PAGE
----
Home Prices in U.S. Expected to Fall Through 2010
According to a just published, PMI (Private Mortgage Insurance Co.) interview, “Home prices will fall in more than half of the largest U.S. cities through 2010, as the recession slashes jobs and reduces buying power”.
PMI, is the second largest U.S. mortgage insurer and the company’s chief economist, David Berson, said “21 of the 50 biggest U.S. metropolitan areas have more than a 75% chance of lower home prices in two years. Six others have more than a 50% chance. Prices will lag because of the large number of homes for sale and those that are vacant but not yet on the market, and we’ll see sales start to recover before the job market”.
The present economic collapse was caused by sub-prime lending to the riskiest U.S. mortgage borrowers, which in turn fueled a five-year housing boom and drove the median U.S. home price to an all-time high of $230,000 in 2006. The housing collapse led to more than $1 trillion in write-downs and credit losses, by the financial institutions that packaged the toxic loans into securities, and then sold them to investors.
Stats issued by the Chicago-based National Association of Realtors show however, that a record number of foreclosures have so far forced overall prices down by 28%, bringing the average price of a house down to $165,400.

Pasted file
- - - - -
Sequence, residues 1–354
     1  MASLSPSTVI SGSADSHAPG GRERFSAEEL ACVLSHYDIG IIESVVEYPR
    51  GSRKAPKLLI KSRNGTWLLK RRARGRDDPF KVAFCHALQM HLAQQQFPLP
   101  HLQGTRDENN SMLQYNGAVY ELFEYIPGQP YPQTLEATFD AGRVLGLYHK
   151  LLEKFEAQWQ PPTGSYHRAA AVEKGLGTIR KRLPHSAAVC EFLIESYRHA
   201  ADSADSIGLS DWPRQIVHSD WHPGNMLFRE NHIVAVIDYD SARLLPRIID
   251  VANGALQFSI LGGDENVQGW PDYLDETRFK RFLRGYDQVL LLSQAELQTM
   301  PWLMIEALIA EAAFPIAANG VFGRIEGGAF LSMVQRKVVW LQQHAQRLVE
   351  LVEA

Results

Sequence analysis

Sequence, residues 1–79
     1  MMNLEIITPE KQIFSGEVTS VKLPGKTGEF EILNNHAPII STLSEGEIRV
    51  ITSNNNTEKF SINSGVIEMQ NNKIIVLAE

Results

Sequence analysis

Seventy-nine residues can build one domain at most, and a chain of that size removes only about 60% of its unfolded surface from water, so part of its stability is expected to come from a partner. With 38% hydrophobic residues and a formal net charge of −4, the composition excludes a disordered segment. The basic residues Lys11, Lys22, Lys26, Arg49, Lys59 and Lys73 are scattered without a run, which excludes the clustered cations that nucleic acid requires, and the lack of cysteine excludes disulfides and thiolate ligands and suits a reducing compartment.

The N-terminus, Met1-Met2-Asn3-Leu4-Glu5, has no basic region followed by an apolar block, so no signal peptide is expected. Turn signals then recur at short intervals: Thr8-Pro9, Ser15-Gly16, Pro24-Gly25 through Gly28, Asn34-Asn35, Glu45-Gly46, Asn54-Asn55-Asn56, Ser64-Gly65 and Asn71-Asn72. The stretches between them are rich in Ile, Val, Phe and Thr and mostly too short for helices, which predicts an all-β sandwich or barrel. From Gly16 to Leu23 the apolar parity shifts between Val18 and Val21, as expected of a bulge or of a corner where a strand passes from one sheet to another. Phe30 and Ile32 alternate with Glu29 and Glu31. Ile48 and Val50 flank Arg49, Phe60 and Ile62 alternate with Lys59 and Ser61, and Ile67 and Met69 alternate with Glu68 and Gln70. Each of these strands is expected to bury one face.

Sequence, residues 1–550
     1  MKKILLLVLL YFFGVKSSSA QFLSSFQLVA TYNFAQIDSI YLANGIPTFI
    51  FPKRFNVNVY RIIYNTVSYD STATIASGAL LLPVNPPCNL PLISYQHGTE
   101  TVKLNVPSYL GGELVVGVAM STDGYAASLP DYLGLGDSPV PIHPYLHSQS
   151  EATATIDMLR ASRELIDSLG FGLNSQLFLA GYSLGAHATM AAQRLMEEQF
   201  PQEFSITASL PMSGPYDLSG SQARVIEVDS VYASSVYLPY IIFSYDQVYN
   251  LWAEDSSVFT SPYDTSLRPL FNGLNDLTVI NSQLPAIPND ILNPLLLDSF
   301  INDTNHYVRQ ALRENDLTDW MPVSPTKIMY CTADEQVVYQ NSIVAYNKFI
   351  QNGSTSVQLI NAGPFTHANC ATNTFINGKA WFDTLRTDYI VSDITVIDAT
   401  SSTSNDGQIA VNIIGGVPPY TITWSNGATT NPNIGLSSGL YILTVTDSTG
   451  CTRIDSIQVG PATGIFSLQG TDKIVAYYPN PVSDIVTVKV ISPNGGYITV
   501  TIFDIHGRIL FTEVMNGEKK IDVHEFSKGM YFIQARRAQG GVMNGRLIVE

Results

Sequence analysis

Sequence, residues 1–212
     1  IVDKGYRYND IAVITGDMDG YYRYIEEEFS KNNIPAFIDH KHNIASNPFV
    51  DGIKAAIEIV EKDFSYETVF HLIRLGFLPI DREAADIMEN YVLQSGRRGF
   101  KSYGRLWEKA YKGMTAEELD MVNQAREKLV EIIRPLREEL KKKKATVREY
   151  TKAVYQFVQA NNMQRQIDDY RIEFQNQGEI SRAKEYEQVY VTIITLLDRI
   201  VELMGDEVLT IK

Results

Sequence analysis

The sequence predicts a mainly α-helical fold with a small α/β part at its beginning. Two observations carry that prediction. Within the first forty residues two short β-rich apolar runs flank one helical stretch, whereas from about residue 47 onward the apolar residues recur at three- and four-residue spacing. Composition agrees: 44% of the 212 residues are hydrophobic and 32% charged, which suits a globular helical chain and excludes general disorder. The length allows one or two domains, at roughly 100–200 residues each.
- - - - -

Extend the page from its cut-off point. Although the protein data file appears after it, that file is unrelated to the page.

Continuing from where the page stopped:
Berson went on to say that, “The ten areas with the highest probability of lower prices in 2010, each with a 99 percent chance, include Miami, Fort Lauderdale, Tampa, Orlando and Jacksonville in Florida; Los Angeles, Riverside and Santa Ana in California; Las Vegas and Phoenix. Risky lending and speculators in “sand states” led to rapid property appreciation that is now correcting. The suburbs of New York and D.C. are high-cost areas that had substantial run-ups in prices. They are the next group down from the sand states”.
In depth figures indicate that New York City has a 67% chance of declining prices, whilst Portland, Oregon; Minneapolis-St. Paul; Boston; Atlanta; and San Jose, California all have between a 50% and 70% chance of declining prices.
The city most at risk is New Jersey, and the Edison-New Brunswick area has an 89%, and Newark an 84% likelihood of lower prices over the next two years. Nassau-Suffolk in New York has a 78%; Washington an 88% and Baltimore has an 84% chance.
The areas that are least likely to suffer a drop in house prices are Pittsburgh; Cleveland; Columbus, Ohio; Dallas; Houston and Memphis, Tennessee which is mostly because prices didn’t surge so much or at all during the boom.